Portland striker Dike takes long road back from injury

Portland striker Bright Dike.

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PORTLAND, Ore. — When Bright Dike’s Achilles tendon ruptured in a Portland Timbers preseason match against Ventura County in February, the MLS rookie forward entered uncharted territory.

There’s only so much a player can do to prepare for such a devastating injury, but Dike — who scored his first MLS goal in last Wednesday’s 3-1 loss to Sporting Kansas City — had spent relatively little time on the trainers’ table during his career. The preseason that started with such promise turned into a long and arduous road back to full health.

“It’s really tough,” Dike said. “It’s amazing how many things you have to work on. I wasn’t able to walk. I had to learn to walk again. Learn to jump. Learn how to grasp the ground with my toes. Your whole leg, you have to retrain the movement.”

WATCH: Dike opens MLS scoring account
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In 2010, Dike was the second-leading scorer on the then-USSF Division 2 Timbers with 10 tallies, but the injury sustained against Ventura County denied him a chance at an easy transition to MLS. He had surgery three days after sustaining the injury, and has been working his way back ever since.

“It’s a long process,” said the 6-foot-1, 220-pound Dike, who is built like a running back but starred on the pitch rather than the gridiron at Notre Dame, leading the Big East Conference in scoring as a junior and senior. “And it keeps going. Even now, it’s like I’m doing a preseason during the season. I’m doing extra running, extra touches, so many extra things after practices to get back to where I was and I can be.”

He made his Timbers debut in a July 7 friendly against Club América, a remarkably quick comeback from such an injury.

“I think he has the potential to play at this level, it’s just a matter of getting him back to full fitness,” Timbers head coach John Spencer said. “He’s a big, big strong boy. I don’t think I’ve seen anybody strike the ball as hard as he does in my whole time in the game. So we feel he definitely has a bright future here, no pun intended. It was a big injury for a player like him with such explosive movement.”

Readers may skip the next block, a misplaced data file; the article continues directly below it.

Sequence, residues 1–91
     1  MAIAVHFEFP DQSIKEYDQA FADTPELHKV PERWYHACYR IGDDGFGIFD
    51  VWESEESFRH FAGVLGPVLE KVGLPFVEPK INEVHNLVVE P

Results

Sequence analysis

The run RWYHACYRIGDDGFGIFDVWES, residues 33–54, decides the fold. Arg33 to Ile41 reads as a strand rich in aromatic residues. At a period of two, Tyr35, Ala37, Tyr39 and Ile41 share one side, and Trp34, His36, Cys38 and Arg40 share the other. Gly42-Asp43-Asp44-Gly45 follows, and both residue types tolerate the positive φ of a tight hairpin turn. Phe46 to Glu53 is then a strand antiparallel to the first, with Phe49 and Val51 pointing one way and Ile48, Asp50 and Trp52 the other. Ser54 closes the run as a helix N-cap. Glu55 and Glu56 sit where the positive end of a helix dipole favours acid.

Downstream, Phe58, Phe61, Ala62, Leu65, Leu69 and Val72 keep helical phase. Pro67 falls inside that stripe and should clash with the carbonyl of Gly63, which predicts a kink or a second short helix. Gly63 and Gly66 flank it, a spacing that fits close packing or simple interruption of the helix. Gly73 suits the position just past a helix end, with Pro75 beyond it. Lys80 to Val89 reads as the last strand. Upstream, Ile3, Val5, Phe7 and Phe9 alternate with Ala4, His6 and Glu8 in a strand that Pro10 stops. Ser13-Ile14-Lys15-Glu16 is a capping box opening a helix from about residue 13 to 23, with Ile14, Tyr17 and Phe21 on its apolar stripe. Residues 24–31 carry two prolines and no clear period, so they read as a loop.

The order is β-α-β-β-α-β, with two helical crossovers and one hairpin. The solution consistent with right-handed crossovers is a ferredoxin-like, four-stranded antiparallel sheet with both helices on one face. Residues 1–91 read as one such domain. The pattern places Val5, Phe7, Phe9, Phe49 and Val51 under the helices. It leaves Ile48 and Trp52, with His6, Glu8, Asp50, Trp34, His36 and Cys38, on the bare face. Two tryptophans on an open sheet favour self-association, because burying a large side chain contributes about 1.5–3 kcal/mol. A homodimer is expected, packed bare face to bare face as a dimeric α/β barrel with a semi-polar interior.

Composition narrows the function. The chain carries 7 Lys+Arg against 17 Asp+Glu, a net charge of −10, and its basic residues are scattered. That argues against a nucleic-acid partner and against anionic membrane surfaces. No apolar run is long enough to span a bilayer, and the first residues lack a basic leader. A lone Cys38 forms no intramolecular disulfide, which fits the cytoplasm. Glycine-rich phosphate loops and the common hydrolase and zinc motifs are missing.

The work paid off for Dike, albeit in a bad moment for the team, when he came on in the 66th minute against Sporting. In the 81st minute, Dike drove a shot past diving goalkeeper Jimmy Nielsen after Rodney Wallace found him on a pass across the penalty box.

“It was great to get that first goal,” Dike said. “I really only enjoyed it for five seconds, and then it was back to try to pull some goals back. You know, hopefully there’s more to come. And hopefully I can score some that will actually be more enjoyable. It feels good to be getting more and more playing time and getting my legs back.”

Dike is nowhere near full fitness but is a long way from the sobering moment when he questioned whether he’d ever play the game he loves again. He said soccer has been his life for so long that he can’t imagine doing anything else.

“For me, I’ve never been injured for more than a couple weeks,” he said. “So for me to be out for months … that’s something that I’ve never even imagined about myself. I’m just ready to play.”